Text and Photo: Irina Rusinovich
Where do you come from, where and when were you born?
I am from Tbilisi, Georgia
Please tell us about your artistic vita in a few sentences.
I think my artistic vita begins in my dad’s art studio on the top of a soviet apartment building, the
place from which, till this day, I derive knowledge, emotions and questions with which I play with answers. In 2016-2021 I studied at Muthesius Kunsthochschule in Kiel. During which I participated in multiple shows. I can’t brag about the amount of gallery shows I’ve been in, since I’ve always been experimenting with different materials and styles. But I’m sure a lot will change in that direction this year.
How would you describe your creative process?
It is very chaotic, spontaneous and impulsive. I work on multiple different scale paintings at the same time. I believe these dynamics are shown in the paintings as well, I’m just not sure if it’s good or bad, but I look closely inwards during my creative process and I believe this is the most important aspect.
What was the key influence that led to the development of your process and style?
I think a big part of the process and the style stems from childhood insecurities and difficulties. What had the most influence was a confession, a very important confession that we don’t really know the place and environment we’re in and we need to study it, despite the fact that by itself everything looks familiar. This feeling of being lost was very interesting for me and acted as a starting point of this thinking, of the new style and process in my art.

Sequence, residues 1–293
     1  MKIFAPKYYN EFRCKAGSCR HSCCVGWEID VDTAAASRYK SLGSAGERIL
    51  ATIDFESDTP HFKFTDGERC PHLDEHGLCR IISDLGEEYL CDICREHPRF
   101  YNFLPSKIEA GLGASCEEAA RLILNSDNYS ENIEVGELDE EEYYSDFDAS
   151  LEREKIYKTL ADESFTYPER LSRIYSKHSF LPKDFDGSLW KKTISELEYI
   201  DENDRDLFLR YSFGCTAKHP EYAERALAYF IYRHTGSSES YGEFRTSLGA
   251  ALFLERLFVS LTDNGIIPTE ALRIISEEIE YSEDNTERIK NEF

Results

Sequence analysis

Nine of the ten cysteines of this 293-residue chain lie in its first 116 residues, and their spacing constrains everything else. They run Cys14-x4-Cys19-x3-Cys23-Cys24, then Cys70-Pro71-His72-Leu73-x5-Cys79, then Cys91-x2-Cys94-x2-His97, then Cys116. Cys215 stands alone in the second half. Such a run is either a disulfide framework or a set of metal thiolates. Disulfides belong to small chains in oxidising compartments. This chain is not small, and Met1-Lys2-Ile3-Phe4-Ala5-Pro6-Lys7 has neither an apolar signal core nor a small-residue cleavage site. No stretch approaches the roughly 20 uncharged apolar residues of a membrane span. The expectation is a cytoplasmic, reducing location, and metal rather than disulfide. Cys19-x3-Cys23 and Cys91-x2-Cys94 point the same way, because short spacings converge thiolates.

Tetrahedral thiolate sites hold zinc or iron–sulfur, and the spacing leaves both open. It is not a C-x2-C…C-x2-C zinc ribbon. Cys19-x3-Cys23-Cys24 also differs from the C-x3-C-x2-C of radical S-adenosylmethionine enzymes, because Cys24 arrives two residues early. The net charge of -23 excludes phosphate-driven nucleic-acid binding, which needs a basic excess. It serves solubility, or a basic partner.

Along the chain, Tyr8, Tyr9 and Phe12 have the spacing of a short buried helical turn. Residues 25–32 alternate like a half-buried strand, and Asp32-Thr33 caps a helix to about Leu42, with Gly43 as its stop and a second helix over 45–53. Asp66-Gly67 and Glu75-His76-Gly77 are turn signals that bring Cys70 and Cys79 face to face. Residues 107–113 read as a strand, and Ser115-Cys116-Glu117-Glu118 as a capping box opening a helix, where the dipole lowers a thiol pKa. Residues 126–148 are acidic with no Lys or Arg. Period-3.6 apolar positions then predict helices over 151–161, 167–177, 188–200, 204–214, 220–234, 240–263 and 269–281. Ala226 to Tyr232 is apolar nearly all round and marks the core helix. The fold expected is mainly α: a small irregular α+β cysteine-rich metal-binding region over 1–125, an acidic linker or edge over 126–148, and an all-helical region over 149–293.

What does art mean to you personally? Is there a goal you’re trying to accomplish?
Personally for me art is the reality, the chemistry of you looking or listening and knowing that it’s true, sincere and special. You have no idea why or how but you do know that it’s there.
Probably these are the hormones of reality with which people connect with each other outside of consciousness.
What is your favorite museum or art gallery and why?
Museums aren’t my favorite, they’re way too official. I prefer galleries and experimental spaces, since they’re a lot more candid and real. A lot of people criticize openings, saying that people go there just to talk and drink, but if that’s the case, then it’s good. Isn’t one of the qualities of art to build these sorts of bridges between people?
What’s your definition of beauty?
I try to find beauty in the everyday details. For example, I see a lot of it in a passionate person.
How do you think the art world will shape in the future?
Hard to say. The space is wide open and there are many directions. Despite technological progress and AI, human made art will have a significant value throughout the foreseeable future. Now is one of the most interesting times in the art world. We have an absolute craziness ahead.
What’s next for you?
I’m very motivated because I feel like I’m making my first serious steps towards my career.
A lot of new emotions, still unknown, await me. I’m excited for my solo show in Haze Gallery and I’m very happy that we work together. Thank you for the trust.